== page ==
Latest VAT updates for Construction and Real Estate
While our attention is inevitably diverted by the shenanigans of Brexit and the General Election, day to day life carries on, while not perhaps unabated, with a degree nevertheless of inexorability.
It is easy in these tumultuous times to miss changes that occur somewhat in the background.
The purpose of this article is to provide an update on some recent changes that have occurred that have an impact for businesses in the Construction and Real Estate sector.
VAT Groups – who can join?
With effect from 1 November 2019, it is now possible for both individuals and partnerships to become members of a VAT group. The usual rules with respect to establishment in the UK and the common control criteria still apply.
While this change is undoubtedly welcome and will simply the VAT position with respect to transactions between individuals and partnerships and corporate bodies under common control, there can be disadvantages to VAT grouping that you should also bear in mind. For example:
- From a compliance perspective, limits for Payments on Account, correcting errors, cash accounting, and the partial exemption de minimis limit will apply based on the group as a whole, and not just to each member of the group
- All of the group members will be jointly and severally liable for the VAT debts of the group
- If any of the incoming members will make exempt supplies to parties outside of the VAT group, this could result in VAT restriction applying to overhead costs for the group as a whole.
- An option to tax made by one entity will bind other members of the VAT Group even if they leave the VAT group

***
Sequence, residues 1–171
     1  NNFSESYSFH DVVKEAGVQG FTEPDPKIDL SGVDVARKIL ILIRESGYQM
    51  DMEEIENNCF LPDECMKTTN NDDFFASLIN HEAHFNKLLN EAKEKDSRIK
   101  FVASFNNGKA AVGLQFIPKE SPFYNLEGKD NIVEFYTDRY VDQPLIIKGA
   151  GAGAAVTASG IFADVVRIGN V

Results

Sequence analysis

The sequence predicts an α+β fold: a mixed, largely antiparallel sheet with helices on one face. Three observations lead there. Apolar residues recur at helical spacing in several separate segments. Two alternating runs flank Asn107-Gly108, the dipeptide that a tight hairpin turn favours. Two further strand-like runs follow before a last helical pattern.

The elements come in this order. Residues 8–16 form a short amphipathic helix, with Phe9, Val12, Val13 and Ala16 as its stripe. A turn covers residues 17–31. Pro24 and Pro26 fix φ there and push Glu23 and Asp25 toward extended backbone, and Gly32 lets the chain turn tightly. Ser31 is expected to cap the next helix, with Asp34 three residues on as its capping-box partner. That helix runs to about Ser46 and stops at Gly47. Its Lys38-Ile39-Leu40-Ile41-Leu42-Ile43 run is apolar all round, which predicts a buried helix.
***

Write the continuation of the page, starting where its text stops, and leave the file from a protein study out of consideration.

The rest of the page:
- If there is a planned disposal of any entity within the VAT group, it is possible that any due diligence work by a prospective buyer will include a review of the wider group, given that any group entity acquired will remain jointly and severally liable for VAT debts that arose in the period in which it was a member of the VAT group.
Energy Saving Materials - updated
With effect from 1 October 2019, changes have been made to the application of VAT to Energy Saving Materials (ESM) installed in residential accommodation in order bring the UK in line with EU law. The existing provisions allowed the reduced rate of VAT of 5% to be applied too broadly under EU law.
Under the revised law, VAT at 5% will apply to supplies of services of installing ESM’s in residential accommodation where:
The supply is to a person aged 60 or over or in receipt of certain benefits, to a housing association, or in respect of a building used for certain residential purposes (such as care homes, children’s homes, hospices, student accommodation, etc.), or
Where the value of the ESM’s does not exceed 60% of the total value of the supply and install service. If the value does exceed 60%, the materials will be subject to VAT at the standard rate, though the installation service will still qualify for the reduced rate
Supply and installation of wind and water turbines no longer qualify for the reduced rate in any circumstances.
Restoration of Lost Space - Works for Disabled Persons
Certain construction services supplied to either a disable person or a charity for the benefit of disabled persons can be zero-rated. The works in broad terms include building ramps and widening existing doorways or hallways to allow easier access, and providing, extending or adapting a bathroom, washroom or lavatory to suit the condition of a disabled person.